That place, like so many other storefronts, is dead now, another victim of the war.

Toward the end of the patrol, Boom points out a half blown, half-started house. A Serb family was building the home when someone blew it up with a grenade.

What the extremists usually do is this: They make the family a low offer to buy the house. When the family refuses, they bomb it. More often than not, the family flees.

"Whenever we're notified about some ridiculously offer on a home, we set up observation," Boom says. "We'll watch the house to see if anyone is coming near it at night. That's the only way you can stop them."



The city of Gjilane in the eastern section of Kosovo not far from the border with Serbia, is a bustling, cosmopolitan center. Shoppers fill the streets on this sunny Friday morning. Beautiful young women walk arm-in-arm dressed in the trendiest clothing they can afford or find. Young men pace the streets in crisp tracksuits or jeans. Businesses display their goods in windows and on the sidewalks in front of their shops. If this were any place else, Gjilane would be considered a desirable place to live. But this is Kosovo and looks are almost always deceiving.

Each day, several times a day, soldiers like members of the U.S. Army's 40th Engineer Battalion out of Baumholder, Germany, and based here at Camp Monteith in Gjilane, patrol the city in an effort to make residents, especially Serbs, feel safer.

"It's necessary to make sure everyone feels safe," says Capt. Clarence Counts, a South Carolina native who is a public affairs officer at Camp Monteith.

Counts says he's especially proud of the program soldiers at Monteith helped organize with UN police and other agencies. Once a week buses are brought to one part of town to allow Serbs to get on and be taken, with a military escort, to the busy shopping district in the city. The program was begun a few months ago.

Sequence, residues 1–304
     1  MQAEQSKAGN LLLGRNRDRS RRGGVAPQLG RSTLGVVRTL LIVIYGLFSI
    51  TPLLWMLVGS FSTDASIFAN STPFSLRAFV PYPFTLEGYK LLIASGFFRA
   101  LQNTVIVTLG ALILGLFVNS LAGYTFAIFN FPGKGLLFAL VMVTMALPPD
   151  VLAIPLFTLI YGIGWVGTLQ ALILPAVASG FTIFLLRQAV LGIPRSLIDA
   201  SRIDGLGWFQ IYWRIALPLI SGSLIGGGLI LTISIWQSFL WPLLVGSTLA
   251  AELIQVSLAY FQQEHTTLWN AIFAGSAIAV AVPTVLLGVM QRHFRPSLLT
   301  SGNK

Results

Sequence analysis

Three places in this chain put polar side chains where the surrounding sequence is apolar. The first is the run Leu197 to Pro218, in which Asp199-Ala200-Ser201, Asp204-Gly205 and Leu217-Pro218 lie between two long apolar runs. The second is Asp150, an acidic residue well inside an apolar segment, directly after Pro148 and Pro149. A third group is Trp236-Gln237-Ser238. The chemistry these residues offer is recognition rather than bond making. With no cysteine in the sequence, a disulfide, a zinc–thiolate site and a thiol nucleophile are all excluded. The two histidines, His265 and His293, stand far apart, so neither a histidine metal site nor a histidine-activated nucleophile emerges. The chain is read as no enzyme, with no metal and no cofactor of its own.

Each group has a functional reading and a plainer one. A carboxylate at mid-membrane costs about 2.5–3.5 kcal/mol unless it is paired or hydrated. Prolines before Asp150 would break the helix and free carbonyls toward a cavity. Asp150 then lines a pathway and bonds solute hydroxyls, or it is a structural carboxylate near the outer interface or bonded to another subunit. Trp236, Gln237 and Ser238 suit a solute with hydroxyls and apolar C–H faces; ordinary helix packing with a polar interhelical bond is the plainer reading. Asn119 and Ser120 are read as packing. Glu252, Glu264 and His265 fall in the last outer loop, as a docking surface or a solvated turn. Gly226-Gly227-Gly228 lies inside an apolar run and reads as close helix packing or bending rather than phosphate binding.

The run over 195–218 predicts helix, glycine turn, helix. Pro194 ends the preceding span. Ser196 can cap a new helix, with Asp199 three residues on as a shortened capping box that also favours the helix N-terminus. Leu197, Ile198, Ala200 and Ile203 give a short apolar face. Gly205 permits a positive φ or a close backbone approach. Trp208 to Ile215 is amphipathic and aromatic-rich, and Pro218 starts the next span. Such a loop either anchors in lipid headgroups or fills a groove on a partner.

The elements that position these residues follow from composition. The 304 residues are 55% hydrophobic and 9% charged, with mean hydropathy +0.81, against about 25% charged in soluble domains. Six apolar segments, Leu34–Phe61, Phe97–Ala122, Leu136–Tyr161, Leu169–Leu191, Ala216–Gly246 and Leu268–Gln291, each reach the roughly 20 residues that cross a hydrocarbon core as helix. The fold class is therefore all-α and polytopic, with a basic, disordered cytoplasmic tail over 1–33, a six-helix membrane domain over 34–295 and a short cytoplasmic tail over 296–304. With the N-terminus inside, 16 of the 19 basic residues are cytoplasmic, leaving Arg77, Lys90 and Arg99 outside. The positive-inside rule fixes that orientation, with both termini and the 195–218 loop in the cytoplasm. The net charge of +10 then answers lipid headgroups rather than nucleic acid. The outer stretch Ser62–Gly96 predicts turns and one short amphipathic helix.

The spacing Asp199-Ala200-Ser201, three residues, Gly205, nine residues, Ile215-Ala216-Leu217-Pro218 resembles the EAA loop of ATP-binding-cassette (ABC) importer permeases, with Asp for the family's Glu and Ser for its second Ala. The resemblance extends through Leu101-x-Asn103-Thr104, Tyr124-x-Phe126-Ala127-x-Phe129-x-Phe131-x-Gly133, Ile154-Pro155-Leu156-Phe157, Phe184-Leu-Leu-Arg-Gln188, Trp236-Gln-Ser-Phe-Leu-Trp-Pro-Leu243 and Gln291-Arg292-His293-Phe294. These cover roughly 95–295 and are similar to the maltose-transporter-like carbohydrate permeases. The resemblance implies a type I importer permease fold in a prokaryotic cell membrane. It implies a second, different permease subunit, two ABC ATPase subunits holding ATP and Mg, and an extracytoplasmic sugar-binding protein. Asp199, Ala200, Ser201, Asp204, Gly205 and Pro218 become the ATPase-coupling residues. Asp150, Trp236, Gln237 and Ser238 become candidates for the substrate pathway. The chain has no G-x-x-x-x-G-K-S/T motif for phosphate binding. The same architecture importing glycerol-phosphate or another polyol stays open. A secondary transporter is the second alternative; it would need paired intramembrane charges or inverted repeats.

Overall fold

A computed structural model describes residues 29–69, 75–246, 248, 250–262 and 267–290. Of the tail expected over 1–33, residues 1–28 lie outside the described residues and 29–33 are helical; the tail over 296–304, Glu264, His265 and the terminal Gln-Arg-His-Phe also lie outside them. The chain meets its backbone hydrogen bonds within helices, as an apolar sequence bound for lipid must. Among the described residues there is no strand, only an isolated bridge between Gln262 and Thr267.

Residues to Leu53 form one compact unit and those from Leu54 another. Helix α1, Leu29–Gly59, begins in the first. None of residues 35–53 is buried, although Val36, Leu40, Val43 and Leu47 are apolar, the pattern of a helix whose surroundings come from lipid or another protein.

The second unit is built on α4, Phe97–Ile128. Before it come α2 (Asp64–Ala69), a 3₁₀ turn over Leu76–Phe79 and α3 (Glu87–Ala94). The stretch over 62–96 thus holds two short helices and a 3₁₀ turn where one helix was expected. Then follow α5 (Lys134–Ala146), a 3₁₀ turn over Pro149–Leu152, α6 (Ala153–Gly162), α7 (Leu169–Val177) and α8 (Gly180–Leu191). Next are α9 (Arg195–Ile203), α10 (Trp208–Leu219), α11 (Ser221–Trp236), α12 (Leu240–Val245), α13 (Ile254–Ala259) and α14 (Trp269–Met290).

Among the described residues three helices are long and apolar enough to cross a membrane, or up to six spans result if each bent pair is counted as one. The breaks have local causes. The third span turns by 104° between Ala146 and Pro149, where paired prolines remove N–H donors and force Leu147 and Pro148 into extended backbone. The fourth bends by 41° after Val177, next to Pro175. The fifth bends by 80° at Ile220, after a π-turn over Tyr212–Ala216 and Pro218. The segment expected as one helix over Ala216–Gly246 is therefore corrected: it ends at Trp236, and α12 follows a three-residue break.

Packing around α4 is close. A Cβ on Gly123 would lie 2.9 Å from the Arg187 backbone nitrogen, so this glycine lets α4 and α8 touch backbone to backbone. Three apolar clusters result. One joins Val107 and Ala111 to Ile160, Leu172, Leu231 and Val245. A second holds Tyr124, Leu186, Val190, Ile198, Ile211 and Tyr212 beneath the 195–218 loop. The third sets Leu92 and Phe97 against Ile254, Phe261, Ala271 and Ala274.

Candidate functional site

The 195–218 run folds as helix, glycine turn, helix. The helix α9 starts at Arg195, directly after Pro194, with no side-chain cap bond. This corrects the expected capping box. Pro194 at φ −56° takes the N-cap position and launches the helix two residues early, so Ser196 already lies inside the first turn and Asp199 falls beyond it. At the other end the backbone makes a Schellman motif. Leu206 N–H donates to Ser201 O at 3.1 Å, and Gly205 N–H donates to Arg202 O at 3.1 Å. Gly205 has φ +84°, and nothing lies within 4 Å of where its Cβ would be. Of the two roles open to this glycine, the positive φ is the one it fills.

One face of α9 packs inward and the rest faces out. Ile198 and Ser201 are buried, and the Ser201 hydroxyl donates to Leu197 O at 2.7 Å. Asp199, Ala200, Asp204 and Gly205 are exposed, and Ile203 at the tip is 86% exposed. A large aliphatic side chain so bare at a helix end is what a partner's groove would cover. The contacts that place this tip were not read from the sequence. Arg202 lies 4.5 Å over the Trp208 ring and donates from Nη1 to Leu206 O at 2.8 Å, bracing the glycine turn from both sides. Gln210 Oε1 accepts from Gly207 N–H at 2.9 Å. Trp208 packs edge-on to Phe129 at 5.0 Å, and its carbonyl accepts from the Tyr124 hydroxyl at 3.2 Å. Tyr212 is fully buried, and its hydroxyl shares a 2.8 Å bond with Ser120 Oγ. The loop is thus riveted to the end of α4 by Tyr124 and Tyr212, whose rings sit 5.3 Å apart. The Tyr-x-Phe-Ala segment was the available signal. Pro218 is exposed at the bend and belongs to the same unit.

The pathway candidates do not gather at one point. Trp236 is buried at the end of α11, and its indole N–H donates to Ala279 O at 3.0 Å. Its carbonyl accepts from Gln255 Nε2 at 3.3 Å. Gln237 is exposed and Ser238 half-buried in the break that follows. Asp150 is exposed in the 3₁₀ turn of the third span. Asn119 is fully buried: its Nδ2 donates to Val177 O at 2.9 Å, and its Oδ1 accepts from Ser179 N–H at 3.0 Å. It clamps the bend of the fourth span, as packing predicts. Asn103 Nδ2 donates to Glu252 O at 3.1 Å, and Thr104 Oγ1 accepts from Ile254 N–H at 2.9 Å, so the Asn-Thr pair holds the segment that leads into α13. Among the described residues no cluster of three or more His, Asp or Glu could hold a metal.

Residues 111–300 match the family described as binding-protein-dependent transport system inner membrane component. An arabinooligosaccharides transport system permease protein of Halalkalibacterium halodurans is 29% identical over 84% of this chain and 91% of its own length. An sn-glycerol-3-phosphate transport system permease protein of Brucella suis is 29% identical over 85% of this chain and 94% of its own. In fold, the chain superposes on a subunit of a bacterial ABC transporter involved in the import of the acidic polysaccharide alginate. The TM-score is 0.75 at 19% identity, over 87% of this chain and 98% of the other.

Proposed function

"Our first bus has 15 people on it," he says. "People were afraid, they didn't come." Now, he says, they sometimes have to get several buses. Ethnic-Albanian merchants were also a bit reluctant to join the program and allow so many Serbs in their store at once. But, Counts said, money changed all that. "Business is business," he says. "They realized they would be losing some valuable money."

The patrol winds past a Serb church that is much like the one in Vitina in that sandbags, razor wire and soldiers also surround it.

Pvt. 1st Class Abdullah Eans of New Orleans introduces a reporter to a tiny 14-year-old boy named Marko Zivkovic. Marko, the son of the priest at the church, quickly scurries past the soldiers and opens the doors to the church for a tour.

The interior is old and beautiful. The wall behind the altar consists of dark oak wood covered in gilded paintings of religious figures and Serbian saints.

"I think the factions are getting along much better," Eans says outside the church. "I know KFOR soldiers like us are doing all we can to help make that happen."